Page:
Comparison of insulin resistance and serum high-sensitivity C-reactive protein levels according to the fasting blood glucose subgroups divided by the newly recommended criteria for fasting hyperglycemia in 10059 healthy Koreans.Metabolism. 2006 Feb; 55(2):183-7.M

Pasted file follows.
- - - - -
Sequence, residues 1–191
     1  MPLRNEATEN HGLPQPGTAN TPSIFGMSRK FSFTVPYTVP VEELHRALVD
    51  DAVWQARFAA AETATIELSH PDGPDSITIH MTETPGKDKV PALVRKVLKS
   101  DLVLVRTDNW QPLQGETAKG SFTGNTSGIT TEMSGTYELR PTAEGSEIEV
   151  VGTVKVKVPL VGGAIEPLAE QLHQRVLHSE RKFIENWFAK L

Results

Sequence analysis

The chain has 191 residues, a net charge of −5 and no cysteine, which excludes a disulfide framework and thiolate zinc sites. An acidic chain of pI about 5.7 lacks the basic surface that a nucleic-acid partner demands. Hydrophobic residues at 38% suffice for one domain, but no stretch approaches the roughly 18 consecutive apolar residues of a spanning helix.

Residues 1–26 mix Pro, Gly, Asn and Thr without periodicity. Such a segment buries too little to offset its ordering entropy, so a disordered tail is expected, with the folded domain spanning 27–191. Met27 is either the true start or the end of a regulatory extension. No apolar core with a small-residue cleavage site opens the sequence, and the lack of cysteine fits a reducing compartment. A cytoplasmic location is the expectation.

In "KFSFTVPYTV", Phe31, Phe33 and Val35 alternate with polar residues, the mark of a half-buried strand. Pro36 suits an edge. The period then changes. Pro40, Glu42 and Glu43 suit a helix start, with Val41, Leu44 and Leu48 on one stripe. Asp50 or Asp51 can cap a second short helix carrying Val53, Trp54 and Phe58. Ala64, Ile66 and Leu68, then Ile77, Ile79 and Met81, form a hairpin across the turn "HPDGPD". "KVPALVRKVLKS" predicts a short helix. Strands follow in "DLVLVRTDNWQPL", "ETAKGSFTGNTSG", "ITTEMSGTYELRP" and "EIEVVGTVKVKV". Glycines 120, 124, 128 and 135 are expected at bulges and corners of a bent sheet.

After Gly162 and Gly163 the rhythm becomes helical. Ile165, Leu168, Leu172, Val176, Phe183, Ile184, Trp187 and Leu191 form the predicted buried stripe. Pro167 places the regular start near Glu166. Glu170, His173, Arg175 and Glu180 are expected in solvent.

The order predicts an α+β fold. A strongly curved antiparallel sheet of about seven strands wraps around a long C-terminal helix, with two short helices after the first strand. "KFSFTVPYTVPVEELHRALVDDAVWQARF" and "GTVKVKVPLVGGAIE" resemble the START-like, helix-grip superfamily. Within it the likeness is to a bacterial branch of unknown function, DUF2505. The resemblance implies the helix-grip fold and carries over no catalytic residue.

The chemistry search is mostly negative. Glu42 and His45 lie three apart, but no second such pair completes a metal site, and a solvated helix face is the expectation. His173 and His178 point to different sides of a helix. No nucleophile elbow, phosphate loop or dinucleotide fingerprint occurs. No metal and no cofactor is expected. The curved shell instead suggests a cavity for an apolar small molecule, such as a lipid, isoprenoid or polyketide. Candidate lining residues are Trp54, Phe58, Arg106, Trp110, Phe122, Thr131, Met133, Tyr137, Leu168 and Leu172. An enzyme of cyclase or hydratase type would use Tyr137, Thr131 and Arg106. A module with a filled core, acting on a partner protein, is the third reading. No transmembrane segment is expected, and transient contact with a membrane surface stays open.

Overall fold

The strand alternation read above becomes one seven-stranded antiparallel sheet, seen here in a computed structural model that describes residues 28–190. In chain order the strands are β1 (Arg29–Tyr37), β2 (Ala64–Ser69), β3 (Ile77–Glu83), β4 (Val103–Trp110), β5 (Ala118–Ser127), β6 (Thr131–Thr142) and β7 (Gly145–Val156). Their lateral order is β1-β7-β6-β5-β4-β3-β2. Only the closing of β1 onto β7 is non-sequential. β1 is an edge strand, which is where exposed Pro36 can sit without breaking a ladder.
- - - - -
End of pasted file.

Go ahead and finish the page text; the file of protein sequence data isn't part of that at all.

The increment for the prevalence of diabetes mellitus and impaired glucose tolerance warrants lowering the cutoffs of normoglycemia to help predict the future development of diabetes. The aim of this study was to find out whether insulin resistance and high-sensitivity C-reactive protein (hsCRP), a nontraditional cardiovascular risk factor, were related to the fasting glucose level, even in normoglycemic range that was categorized by the newly recommended criteria by the American Diabetes Association. Among the participants undergoing medical checkup program at Kangbuk Samsung Hospital, 10059 subjects (5535 men and 4524 women; mean age, 45 years) with normal fasting glucose levels, as defined by the newly recommended criteria (<5.6 mmol/L), were enrolled in this study. The blood pressures, body mass index (BMI), fasting blood glucose, fasting insulin, lipid batteries, and hsCRP levels were checked. The homeostatic model assessment-insulin resistance (HOMA-IR) and the quantitative insulin sensitivity check indexes (QUICKI) were calculated. All subjects were subdivided into 4 groups according to the fasting glucose level. The HOMA-IR, QUICKI, and log-transformed (log) hsCRP, or log(hsCRP), level significantly increased according to the increment in fasting glucose, and these associations were consistent after adjustment for age and BMI, except for the log(hsCRP) (P = .124 after adjustment). Log(hsCRP) increased as the HOMA-IR increased and as the QUICKI decreased, and when multiple regression analysis was done with log(hsCRP) as the dependent variable, age, high BMI, male sex, high HOMA-IR, hypertriglyceridemia, and low high-density lipoprotein cholesterol were the significant predictor for log(hsCRP). In conclusion, the insulin resistance indexes and hsCRP increased gradually even in the normal fasting glucose range, as categorized by the newly recommended criteria for abnormal fasting glucose levels, supporting the rationale for expanding the range of fasting hyperglycemia.